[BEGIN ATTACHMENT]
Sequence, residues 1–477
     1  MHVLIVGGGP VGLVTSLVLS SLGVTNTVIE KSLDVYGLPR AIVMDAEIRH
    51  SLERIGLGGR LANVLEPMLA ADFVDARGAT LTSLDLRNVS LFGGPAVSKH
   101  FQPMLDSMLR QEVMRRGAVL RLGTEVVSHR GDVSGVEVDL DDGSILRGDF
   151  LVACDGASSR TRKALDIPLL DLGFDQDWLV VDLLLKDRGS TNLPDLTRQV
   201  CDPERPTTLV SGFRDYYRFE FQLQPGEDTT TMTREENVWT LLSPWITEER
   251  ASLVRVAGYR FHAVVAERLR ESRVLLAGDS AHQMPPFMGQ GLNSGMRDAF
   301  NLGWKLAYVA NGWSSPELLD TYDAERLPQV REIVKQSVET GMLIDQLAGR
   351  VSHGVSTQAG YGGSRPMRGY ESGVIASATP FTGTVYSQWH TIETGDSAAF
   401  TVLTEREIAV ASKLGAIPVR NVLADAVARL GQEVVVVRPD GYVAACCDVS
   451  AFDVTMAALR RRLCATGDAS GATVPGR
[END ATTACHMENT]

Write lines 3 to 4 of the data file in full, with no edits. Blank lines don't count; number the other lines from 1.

    51  SLERIGLGGR LANVLEPMLA ADFVDARGAT LTSLDLRNVS LFGGPAVSKH
   101  FQPMLDSMLR QEVMRRGAVL RLGTEVVSHR GDVSGVEVDL DDGSILRGDF